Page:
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Whitepaper explores complex relationship between pain and dementia

PainChek

PainChek®’s Peter Shergill explains the drivers behind a new whitepaper exploring the complex relationship between pain and dementia, and shares how PainChek has transformed pain assessment at a UK care home.

Ensuring residents’ pain is assessed effectively is critical for care home operators. This has long been a challenge, especially for residents living with dementia and impaired communication.

Pain assessment can only be achieved with the right tools. New in the UK, PainChek® uses facial analysis and AI to assess pain for people with dementia and other cognitive impairments by identifying micro-facial and other non-verbal indicators of pain.

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PainChek® has recently published a whitepaper ‘Pain and dementia: common challenges for care managers’, which explores the complex relationship between pain and dementia.

Vic Rayner, Executive Director of the National Care Forum, introduces the paper, and says: “The ability to assess pain for those living with dementia is fundamental to the provision of high-quality care.

“The paper outlines the role digital technology can have, and advocates the power of digital to eliminate some of the inconsistencies that have existed in the recording of pain, which once addressed, enables proper pain management techniques.”

Dementia in the UK

Dementia affects around 850,000 people and is the UK’s biggest killer. Currently, there are around 18,000 care homes in the UK, where approximately 70% of residents have a form of dementia, 80% of whom suffer pain at any one time, and 50% persistent pain.

To improve understanding of why assessing pain is so important, PainChek® investigated the relationship between pain and dementia, and the reasons why effectively assessing and managing pain is so important.

Assessing pain effectively generally relies on self-reporting, and while pain in people with dementia is very high, many are unable to verbalise this.  The pain goes under-detected and under-treated, leading to slowing recovery, cognitive decline and behavioural and psychological symptoms.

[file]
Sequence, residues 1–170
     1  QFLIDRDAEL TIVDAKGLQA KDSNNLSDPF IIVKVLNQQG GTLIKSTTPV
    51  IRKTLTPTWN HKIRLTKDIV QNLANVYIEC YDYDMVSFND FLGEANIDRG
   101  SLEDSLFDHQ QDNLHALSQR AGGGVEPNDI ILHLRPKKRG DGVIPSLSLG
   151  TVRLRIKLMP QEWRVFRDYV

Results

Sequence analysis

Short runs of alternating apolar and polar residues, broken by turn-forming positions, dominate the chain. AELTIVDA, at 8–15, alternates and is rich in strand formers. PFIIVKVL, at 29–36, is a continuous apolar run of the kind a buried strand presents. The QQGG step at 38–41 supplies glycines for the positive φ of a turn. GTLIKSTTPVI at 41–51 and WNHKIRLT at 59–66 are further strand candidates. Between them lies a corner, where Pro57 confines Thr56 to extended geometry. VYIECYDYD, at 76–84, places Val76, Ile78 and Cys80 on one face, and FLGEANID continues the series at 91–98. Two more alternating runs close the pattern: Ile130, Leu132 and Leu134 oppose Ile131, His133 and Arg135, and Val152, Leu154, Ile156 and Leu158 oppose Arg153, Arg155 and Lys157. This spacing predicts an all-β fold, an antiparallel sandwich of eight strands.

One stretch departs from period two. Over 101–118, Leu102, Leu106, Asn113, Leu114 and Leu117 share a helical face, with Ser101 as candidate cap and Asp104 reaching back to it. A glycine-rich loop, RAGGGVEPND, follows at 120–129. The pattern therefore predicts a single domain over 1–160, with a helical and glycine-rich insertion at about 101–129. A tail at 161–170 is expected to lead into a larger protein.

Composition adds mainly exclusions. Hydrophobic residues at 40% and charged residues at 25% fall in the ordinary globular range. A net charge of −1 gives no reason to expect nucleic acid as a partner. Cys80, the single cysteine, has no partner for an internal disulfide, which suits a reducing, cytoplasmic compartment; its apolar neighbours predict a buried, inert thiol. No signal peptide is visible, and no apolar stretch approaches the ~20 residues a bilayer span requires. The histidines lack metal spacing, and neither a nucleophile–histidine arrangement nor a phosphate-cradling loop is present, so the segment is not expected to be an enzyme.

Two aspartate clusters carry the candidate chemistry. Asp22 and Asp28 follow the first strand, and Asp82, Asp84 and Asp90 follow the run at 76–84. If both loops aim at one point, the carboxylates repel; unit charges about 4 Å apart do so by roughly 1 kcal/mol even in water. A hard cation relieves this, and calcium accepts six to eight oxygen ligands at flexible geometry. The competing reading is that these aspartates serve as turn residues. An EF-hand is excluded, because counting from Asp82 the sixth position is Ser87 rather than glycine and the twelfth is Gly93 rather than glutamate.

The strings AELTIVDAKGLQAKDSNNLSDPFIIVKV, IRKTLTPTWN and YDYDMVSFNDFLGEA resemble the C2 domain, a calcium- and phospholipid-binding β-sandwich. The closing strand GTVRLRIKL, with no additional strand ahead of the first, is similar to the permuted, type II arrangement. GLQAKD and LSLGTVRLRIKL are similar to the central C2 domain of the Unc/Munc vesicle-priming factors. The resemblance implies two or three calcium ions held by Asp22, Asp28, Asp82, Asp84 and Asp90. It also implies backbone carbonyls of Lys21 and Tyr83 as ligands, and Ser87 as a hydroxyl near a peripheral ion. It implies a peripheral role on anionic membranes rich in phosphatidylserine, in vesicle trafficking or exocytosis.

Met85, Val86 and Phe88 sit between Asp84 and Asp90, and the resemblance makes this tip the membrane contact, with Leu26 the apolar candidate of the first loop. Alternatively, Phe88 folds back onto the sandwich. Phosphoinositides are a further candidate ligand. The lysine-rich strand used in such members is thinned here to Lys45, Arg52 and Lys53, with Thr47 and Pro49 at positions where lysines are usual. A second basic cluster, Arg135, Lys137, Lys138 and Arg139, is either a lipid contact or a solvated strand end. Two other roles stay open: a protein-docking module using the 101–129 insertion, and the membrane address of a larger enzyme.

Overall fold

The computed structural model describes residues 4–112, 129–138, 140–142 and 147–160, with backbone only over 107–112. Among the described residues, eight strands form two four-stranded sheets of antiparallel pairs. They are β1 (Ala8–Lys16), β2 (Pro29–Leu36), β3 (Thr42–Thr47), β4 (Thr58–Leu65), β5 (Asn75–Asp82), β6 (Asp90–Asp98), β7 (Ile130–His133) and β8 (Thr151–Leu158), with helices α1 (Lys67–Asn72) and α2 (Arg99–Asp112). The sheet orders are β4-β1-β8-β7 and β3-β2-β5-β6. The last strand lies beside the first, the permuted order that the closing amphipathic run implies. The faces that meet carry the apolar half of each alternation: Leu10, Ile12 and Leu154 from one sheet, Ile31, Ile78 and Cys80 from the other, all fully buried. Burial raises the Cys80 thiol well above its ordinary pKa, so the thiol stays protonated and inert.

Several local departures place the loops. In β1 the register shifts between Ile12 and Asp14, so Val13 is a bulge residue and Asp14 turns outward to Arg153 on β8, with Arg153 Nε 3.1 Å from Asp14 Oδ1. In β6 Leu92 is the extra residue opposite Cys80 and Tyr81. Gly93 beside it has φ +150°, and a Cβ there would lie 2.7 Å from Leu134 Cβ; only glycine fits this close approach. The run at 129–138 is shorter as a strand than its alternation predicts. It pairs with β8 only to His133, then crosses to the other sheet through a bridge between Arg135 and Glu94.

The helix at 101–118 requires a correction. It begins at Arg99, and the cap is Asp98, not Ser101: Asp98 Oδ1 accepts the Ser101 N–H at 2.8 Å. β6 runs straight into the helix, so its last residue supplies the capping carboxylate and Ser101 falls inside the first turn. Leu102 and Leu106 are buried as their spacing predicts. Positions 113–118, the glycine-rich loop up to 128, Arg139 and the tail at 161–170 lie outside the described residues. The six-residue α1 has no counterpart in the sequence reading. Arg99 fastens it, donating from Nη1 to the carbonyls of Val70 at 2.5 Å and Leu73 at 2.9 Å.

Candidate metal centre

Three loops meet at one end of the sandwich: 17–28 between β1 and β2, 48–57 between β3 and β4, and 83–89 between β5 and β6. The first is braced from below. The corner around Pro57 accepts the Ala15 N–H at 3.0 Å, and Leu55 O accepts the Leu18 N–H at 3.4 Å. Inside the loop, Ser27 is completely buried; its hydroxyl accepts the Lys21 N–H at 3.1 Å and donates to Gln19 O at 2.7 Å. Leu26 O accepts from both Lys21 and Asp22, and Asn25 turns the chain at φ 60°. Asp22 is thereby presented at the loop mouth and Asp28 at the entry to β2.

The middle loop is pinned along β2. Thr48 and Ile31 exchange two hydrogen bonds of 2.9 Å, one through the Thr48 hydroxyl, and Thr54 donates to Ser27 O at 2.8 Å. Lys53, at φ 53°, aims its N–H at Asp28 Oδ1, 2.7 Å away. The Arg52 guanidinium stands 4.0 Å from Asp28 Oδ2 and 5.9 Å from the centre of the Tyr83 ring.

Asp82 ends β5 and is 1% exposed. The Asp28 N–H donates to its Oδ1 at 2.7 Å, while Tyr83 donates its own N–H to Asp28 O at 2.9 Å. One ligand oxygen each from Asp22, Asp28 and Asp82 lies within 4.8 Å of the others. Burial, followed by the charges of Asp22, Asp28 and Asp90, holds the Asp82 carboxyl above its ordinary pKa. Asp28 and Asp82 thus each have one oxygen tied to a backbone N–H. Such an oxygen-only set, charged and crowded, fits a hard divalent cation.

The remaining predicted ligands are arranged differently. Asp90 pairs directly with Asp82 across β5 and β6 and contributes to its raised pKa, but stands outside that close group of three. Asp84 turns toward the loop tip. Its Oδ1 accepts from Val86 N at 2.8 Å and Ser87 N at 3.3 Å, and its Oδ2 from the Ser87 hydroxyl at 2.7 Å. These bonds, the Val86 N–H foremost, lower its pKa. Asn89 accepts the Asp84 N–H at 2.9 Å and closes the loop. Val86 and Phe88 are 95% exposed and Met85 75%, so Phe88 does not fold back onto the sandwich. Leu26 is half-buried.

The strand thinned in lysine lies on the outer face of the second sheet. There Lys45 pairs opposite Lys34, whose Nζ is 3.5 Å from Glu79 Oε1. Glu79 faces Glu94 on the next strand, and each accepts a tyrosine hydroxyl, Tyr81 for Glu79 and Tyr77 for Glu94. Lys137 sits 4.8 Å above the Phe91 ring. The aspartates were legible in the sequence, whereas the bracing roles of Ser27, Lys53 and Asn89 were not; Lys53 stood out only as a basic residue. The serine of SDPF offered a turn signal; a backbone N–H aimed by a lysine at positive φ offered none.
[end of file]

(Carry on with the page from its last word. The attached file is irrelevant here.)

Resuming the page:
Technology

Navigating the landscape of pain and dementia is challenging, especially when using paper-based systems.

Utilising technology is an enabler. Tools that increase accuracy of assessments and reduce the time to effectively evaluate pain are crucial. Technology that overcomes the gap in pain documentation, equips care providers with the means to better plan and treat pain according to evidence-based pain management practices, ultimately, improves the quality of care.

By embracing technology, care providers can identify the root causes of potential complications from the outset, reducing unnecessary prescribing of antipsychotics, and minimising the risk of further health complications or side effects.

PainChek® focuses on non-verbal indicators of pain and provides unique insight into the pain burden of a care facility. It gives voice to those that cannot verbalise their pain, improves the output of assessments, reduces the time to effectively assess resident’s pain, allows digital sharing of data with healthcare professionals and families, and provides a fast and effective line of communication to ensure all parties are included in the care.

Effective pain control

PainChek® has transformed pain assessment at CQC Outstanding rated Heathfield Ladies Residential Home. Owners Paul and Louise Rowley say: “We have been working with Lancaster University in search of innovative methods to support residents’ moods and behaviour. Adding PainChek is a genuine enhancement of the care we offer.”

PainChek®’s Whitepaper is available to download free from the website: https://painchek.com/pain-dementia-common-challenges-for-care-managers-uk/

Tags : Best practiceDementia CareInnovation
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The author Lee Peart

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